Obviously, for the continuity of this story, he managed to find a great product that would revolutionize the lithographic field. Craig and Pam made crayons from their apartment by day and raised kids by night. Well, that's a little overly dramatic, but the kids' rooms became shipping and manufacturing spaces, and warehousing.
As they say, from these modest beginnings, they moved the whole operation to Olympia, WA where the climate was good, the schools great, and relatives abound. For most of that time, Graphic Chemical & Ink was one of their best customers. Graphic and other customers helped to spread the Stones name around the world.
Just a few years ago, Craig decided that with the average day being approximately 24 hours long, he couldn't keep up with the various irons in the fire. In addition to running Stones Crayons, Craig was an artist, a contract printer, a college professor, and oh yeah, a bishop in the Mormon church.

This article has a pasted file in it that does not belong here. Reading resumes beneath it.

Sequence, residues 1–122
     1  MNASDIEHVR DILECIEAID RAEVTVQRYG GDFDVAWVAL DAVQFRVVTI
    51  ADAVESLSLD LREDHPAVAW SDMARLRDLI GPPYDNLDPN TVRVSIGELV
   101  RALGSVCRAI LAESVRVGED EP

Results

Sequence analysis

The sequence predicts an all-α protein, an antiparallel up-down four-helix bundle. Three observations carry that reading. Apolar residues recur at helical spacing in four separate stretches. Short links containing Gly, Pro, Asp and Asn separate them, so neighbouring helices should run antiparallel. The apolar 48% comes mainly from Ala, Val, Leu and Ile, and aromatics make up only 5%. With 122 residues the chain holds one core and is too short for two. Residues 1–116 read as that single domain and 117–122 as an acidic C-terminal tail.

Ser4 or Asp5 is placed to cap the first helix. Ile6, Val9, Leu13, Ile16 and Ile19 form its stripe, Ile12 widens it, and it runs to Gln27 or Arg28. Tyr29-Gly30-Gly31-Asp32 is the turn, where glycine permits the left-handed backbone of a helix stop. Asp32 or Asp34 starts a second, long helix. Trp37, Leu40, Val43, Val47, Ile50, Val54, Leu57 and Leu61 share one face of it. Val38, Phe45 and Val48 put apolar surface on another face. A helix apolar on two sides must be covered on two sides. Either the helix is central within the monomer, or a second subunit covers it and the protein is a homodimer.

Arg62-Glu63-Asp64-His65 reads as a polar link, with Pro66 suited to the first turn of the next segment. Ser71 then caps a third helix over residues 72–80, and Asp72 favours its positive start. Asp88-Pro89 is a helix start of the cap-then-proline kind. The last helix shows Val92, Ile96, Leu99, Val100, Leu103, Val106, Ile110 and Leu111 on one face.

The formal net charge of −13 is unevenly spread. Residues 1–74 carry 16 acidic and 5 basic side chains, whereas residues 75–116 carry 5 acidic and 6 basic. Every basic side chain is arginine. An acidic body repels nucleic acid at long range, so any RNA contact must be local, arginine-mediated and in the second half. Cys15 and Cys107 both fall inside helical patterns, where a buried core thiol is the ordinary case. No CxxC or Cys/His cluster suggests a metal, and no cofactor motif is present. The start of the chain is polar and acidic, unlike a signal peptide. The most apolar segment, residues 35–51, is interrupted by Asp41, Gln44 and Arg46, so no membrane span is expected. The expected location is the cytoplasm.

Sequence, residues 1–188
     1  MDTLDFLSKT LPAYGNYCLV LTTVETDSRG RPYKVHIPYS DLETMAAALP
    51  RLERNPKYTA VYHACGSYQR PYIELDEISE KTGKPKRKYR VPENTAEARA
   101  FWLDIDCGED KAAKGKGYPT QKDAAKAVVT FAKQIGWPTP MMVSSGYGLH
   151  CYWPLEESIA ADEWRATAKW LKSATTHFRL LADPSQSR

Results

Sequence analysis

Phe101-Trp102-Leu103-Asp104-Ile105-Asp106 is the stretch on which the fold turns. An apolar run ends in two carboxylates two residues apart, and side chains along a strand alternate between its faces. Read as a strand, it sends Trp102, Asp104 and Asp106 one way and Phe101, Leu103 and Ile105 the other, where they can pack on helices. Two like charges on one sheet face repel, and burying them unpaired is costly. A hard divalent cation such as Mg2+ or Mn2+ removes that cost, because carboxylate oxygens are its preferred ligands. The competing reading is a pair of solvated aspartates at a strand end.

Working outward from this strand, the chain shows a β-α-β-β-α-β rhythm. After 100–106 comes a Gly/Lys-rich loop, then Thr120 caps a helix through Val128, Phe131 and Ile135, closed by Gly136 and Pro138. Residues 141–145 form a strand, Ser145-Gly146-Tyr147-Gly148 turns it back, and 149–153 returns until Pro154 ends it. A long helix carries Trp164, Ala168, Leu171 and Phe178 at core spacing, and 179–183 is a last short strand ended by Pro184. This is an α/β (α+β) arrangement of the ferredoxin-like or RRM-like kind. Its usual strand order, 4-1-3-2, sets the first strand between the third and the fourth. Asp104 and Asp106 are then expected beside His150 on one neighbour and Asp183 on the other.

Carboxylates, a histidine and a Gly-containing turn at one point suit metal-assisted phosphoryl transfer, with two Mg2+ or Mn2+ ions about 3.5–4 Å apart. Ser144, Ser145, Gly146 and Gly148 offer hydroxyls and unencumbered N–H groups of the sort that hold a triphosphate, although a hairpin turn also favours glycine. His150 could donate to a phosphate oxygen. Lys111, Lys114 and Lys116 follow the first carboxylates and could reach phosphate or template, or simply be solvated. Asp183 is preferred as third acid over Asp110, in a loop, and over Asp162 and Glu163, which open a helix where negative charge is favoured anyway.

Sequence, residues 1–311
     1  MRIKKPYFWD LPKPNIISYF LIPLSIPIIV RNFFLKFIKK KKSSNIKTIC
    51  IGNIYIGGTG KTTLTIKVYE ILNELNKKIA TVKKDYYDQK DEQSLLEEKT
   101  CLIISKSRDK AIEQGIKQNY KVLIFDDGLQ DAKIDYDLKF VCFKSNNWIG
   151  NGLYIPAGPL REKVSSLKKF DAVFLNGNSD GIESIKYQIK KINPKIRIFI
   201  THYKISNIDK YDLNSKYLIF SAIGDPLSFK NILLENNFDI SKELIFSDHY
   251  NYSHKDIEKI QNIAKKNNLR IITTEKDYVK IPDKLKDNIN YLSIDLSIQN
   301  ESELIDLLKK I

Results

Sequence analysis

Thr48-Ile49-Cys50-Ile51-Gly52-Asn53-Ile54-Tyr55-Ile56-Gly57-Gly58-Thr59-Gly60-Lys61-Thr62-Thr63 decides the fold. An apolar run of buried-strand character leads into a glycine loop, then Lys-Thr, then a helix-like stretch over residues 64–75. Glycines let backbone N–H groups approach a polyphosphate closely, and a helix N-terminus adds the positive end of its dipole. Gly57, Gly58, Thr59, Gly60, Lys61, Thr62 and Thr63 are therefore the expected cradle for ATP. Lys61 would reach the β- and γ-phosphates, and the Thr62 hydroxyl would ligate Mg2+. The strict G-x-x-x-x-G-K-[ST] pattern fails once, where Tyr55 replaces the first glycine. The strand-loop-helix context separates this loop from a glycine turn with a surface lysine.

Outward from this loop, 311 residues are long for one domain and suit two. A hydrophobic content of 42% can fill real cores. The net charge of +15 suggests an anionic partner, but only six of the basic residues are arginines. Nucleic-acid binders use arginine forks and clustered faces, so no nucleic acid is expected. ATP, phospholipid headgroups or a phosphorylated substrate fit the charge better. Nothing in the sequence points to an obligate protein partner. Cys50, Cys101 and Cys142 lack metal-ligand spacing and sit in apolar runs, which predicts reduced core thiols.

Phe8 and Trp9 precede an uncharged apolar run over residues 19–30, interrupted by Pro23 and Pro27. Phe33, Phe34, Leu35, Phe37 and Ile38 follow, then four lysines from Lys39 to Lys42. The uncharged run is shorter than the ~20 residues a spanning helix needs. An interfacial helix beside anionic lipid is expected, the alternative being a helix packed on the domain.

About 4 years ago, I received an e-mail from Craig's lawyer, also his brother-in-law David Acheson. David advised me that Craig was interested in selling Stone's Crayons. I was concerned because as is so often the case in the printmaking supply field, money was short. We had just purchased one of our buildings from my brother. Several days after the first e-mail, David was back with an amount which was reasonable and with a little financial reorganization, workable.
We cut the deal - we bought, Craig sold, and David is running for city council in Provo, UT. It seems to have worked out for everyone concerned.